“What’s happened here?” said one the organizers of the contest. It seemed as if some sort of virus had spread among the firs of the Alps. “So weird! It has infected only the firs, as the pines, the larches and even those chestnuts look perfectly well !” “What shall we sent to Rome?” “Oh, they might use an artificial tree!” said another one. “An artificial tree! After what happened last year! Nonsense!” While they were walking through that desolation,wondering about what was the best option they had, they couldn’t believe their eyes! What a stroke of luck ! Before them stood a strong, healthy, fabulous tree. “Quick, pull it down!” said one of the organizer, as they were already late in delivery and after a few hours they left the place. It was only when all the men and the unfortunate tree were far enough that the firs recovered their bloom,vigor and serenity. At least for a year.

The winner had recently emigrated from a Southern valley of the Apennines and knew nothing of the sad story of Spelacchio. He had been fully informed by the trees nearby too late to put in place the strategies of its neighbors and now, there it was. Just like the previous year, the fir was accurately prepared and delicately placed on a lorry on a bed of cushions and tied, but this time, as it was too long and big for that lorry, many of its branches were cut. The tree heard some men saying that those branches would have been nailed to the stem once arrived at “Piazza Venezia” in Rome. “What a barbarous treatment!” he thought , “Being crucified at Christmas! That’s intolerable!” But nothing could be done, it was decided.

When it eventually arrived in the capital, it was so tired and looked so ruffled and poor after having been mutilated that not even in its wildest dreams the fir believed it might become that Christmas tree the capital deserved and had been waiting for years. A group of people were made curious by that scene, gathered around it and started frantically to take pictures: “This is even worse than Spelacchio” they sneered “at least, it had its branches on. Let’s call it Spezzacchio (from to cut= spezzare)” and went away laughing. It was mortified.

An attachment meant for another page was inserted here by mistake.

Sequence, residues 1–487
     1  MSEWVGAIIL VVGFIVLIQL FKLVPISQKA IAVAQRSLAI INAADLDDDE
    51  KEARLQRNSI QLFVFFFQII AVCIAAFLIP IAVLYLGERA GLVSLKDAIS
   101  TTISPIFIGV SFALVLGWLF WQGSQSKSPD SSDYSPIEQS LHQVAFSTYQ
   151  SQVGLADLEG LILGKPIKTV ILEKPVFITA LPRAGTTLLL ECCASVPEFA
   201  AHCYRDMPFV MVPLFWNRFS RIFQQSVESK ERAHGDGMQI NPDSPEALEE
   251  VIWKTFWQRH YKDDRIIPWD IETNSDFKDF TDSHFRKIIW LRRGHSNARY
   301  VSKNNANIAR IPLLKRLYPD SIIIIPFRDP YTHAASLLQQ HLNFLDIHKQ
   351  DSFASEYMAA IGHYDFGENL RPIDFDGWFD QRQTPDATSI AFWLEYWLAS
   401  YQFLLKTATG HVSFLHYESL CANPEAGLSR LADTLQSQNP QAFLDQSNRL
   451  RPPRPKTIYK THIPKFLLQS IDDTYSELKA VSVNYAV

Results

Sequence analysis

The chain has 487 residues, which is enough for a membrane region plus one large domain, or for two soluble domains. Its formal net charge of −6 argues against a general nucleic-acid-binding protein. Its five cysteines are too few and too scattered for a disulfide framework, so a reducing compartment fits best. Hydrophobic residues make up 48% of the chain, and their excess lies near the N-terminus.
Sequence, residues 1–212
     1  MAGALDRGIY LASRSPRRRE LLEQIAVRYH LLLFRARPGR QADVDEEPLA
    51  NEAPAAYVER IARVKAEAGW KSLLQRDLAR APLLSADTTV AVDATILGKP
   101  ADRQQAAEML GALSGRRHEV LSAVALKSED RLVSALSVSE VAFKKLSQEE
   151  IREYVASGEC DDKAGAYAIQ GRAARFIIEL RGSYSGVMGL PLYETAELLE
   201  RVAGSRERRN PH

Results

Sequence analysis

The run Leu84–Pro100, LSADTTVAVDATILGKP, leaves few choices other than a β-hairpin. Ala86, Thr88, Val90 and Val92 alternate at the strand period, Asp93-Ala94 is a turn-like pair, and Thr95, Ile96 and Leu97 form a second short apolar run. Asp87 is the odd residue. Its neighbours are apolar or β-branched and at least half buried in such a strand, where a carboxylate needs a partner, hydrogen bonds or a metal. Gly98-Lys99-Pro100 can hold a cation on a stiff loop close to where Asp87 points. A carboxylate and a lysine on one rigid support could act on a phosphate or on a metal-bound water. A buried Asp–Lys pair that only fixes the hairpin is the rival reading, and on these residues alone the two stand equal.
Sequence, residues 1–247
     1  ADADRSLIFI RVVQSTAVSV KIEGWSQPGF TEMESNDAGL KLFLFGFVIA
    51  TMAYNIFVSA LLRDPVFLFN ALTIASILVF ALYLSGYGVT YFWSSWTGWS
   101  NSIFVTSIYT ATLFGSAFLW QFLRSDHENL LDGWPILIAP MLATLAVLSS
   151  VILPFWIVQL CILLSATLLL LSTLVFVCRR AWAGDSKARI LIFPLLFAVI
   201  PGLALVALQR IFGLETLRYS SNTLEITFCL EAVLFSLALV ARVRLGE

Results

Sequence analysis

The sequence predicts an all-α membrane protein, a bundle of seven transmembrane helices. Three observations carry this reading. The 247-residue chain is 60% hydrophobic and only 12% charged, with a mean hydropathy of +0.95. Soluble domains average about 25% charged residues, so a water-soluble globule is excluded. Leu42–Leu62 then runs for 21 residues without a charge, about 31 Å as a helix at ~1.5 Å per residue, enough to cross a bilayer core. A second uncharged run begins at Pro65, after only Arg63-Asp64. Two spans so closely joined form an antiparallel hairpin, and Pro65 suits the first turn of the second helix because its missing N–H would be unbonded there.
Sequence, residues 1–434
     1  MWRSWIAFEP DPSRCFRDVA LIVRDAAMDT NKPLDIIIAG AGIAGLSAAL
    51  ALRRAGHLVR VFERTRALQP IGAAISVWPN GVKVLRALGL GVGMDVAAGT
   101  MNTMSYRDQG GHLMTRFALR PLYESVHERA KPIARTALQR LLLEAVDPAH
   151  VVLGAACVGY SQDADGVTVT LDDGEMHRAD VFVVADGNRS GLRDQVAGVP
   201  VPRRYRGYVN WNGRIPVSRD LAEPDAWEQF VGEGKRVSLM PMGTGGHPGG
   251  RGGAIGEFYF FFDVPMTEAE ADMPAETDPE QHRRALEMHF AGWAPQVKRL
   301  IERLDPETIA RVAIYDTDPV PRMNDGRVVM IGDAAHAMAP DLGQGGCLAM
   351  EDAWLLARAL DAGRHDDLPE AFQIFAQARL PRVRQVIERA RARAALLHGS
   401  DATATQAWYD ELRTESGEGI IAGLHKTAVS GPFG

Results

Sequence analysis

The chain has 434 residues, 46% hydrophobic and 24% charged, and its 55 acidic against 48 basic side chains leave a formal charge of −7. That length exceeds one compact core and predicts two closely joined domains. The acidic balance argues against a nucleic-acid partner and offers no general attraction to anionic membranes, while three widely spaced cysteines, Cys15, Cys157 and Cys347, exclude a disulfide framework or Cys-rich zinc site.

But that night, after the workers had reassembled its branches, something extraordinary happened. While it was sleeping as it was too worn out, a fairy, named Netflix, came by moved to pity and sprinkled some of her magic dust all over the fir. In a bit the tree found itself covered with Christmas ornaments, thousands colorful balls and a myriad of lights. When it opened its eyes, the fir could see only happy faces that looked on it in admiration. It could even feel a warm touch. It was a child who was petting its left branch tenderly and exclaimed: “Look mum, what a wonderful Christmas tree!”

This story has a moral: there is always hope. After almost three years of this adminstration we have eventually succeeded in having a decent Christmas tree, maybe in 20 years pot-holes and garbage won’t be a problem any longer of this city. We must learn to be patient and believe that a fairy one day will make things right. You’ve got to believe it, at least at Christmas time.

In the meantime, Merry Christmas everyone!!

The Den of Christmas Spirit